Thursday, May 21, 2009

More books on Indonesia

We had a recent post listing several book on Indonesia. Those books were mostly serious academic works. This time around, we thought we would list several books that similarly address important and contentious issues in Indonesian society and politics, but are somewhat lighter and more accessible.

  • Bittersweet: The Memoir Of A Chinese Indonesian Family In The Twentieth Century by Stuart Pearson. Many sidelights onto social and political developments are shed in this family biography/memoir which centres on the life of Chinese Indonesian Anna/An Sudibjo (b.1912). She is a 5th-generation Indonesian Chinese and had a distinguished career in the Dutch and then Indonesian Education Department.
  • Family Business: A Case Study Of Nyonya Meneer, One Of Indonesia's Most Successful Traditional Medicine Companies by Asih Sumardono and Mark Hanusz. The inside story of the now-internationally known Nyonya Meneer business, which produces and markets jamu, traditional Indonesian medicines. Founded by Nyonya Meneer (Lauw Ping Nio, 1895-1978), the family firm grew from its Semarang beginnings to become a nationally and internationally significant company. This account of Nyonya Meneer and the family conflicts which have dogged the company's development offers insights into some of the realities of traditional and modern ways of doing business.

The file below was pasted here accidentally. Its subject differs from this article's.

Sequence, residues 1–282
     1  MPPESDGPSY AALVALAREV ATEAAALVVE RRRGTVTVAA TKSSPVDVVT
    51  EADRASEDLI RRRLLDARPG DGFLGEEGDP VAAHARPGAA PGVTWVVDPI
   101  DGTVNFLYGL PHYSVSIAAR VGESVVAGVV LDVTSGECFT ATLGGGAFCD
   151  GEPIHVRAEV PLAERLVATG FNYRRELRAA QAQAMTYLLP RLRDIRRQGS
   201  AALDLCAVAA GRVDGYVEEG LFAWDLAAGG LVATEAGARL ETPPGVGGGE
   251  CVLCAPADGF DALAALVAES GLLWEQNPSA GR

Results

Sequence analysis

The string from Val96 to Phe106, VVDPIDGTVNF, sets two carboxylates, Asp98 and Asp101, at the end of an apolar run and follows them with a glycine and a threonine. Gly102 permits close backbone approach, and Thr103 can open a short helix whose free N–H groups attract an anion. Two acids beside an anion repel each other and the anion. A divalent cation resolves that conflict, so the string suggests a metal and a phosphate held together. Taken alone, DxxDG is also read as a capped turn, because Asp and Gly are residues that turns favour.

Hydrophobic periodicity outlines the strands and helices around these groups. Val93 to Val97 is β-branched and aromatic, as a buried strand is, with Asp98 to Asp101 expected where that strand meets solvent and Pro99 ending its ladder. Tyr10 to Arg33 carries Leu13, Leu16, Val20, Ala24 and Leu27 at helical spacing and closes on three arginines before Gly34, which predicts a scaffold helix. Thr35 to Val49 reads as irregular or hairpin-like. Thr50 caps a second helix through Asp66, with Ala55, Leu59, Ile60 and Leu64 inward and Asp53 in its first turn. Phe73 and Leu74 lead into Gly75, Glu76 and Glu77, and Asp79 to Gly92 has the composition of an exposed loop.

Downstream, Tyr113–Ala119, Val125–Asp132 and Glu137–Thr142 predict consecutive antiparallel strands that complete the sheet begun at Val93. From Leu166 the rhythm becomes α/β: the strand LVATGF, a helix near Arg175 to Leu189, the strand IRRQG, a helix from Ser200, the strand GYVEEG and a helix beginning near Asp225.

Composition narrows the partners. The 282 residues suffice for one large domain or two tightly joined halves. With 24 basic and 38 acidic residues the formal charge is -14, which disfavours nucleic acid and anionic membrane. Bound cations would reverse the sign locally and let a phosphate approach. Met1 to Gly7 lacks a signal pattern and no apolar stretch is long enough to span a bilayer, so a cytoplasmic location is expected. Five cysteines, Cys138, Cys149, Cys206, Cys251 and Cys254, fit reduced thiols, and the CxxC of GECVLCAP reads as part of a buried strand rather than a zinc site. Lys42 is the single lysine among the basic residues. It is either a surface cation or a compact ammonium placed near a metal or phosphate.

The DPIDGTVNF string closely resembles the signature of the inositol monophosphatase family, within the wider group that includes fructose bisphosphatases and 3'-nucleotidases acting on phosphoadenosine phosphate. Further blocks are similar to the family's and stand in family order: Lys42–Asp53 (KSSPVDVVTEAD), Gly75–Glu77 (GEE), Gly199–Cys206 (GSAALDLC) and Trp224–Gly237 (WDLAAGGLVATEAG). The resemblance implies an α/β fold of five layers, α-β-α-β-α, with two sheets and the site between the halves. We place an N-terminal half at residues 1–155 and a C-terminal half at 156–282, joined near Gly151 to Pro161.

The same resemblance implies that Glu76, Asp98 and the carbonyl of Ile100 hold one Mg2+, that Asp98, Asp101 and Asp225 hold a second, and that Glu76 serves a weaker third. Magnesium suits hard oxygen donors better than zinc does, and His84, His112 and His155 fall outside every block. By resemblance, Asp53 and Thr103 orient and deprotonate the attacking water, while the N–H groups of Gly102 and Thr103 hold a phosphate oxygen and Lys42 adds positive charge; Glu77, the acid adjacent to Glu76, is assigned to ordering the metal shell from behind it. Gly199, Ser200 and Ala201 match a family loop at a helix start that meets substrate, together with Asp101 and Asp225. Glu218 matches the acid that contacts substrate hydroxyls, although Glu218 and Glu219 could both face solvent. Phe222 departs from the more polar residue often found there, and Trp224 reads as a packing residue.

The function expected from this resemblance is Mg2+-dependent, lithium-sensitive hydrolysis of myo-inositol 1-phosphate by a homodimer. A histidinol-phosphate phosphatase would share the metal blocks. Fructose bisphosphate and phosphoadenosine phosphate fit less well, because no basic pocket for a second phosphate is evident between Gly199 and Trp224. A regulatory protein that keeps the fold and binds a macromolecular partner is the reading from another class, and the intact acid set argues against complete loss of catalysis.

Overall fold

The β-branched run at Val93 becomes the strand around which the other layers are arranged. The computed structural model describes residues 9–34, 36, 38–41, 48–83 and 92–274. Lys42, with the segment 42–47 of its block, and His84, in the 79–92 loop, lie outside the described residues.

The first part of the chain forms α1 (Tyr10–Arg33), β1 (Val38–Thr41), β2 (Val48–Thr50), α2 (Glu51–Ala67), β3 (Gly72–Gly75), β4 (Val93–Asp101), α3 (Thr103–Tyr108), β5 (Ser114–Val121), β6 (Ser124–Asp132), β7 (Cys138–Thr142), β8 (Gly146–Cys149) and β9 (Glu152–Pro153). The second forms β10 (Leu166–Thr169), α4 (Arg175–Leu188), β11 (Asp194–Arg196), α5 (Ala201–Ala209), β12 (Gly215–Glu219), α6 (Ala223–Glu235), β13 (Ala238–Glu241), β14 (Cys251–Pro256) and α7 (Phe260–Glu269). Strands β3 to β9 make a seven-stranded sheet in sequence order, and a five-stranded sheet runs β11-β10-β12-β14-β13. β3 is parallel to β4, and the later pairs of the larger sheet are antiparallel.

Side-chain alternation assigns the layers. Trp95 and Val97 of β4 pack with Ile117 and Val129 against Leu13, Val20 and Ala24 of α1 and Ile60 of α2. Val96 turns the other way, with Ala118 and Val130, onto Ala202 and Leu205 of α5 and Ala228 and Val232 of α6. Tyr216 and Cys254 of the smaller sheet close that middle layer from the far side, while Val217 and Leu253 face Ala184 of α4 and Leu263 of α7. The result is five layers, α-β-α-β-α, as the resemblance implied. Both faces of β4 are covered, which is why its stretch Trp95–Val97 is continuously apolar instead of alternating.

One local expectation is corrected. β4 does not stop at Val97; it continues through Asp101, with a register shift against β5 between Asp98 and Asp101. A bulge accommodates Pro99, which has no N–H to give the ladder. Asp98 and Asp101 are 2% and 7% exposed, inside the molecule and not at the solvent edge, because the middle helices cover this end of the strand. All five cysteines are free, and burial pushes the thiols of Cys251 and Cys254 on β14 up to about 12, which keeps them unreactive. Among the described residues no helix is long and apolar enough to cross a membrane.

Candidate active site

• On Feminism And Nationalism: Kartini's Letters To Stella Zeehandelaar, 1899-1903. Translated by Joost Cote. Raden Ajeng Kartini (1880-1904) was born into an aristocratic Javanese family and despite the shortness of her life, is widely known and respected as the founder and inspiration of Indonesia's Women's Movement. These letters to a Dutch pen friend she had never met were written 1899-1903. They show the clear educational and reform ambitions maintained by Kartini who, by enforced custom, had left school at the age of 12, but who continued to read, study and develop nationalist and feminist ideas. These she shared with reform-minded contacts. Her arranged marriage was followed by her death shortly after childbirth.

No comments:

Post a Comment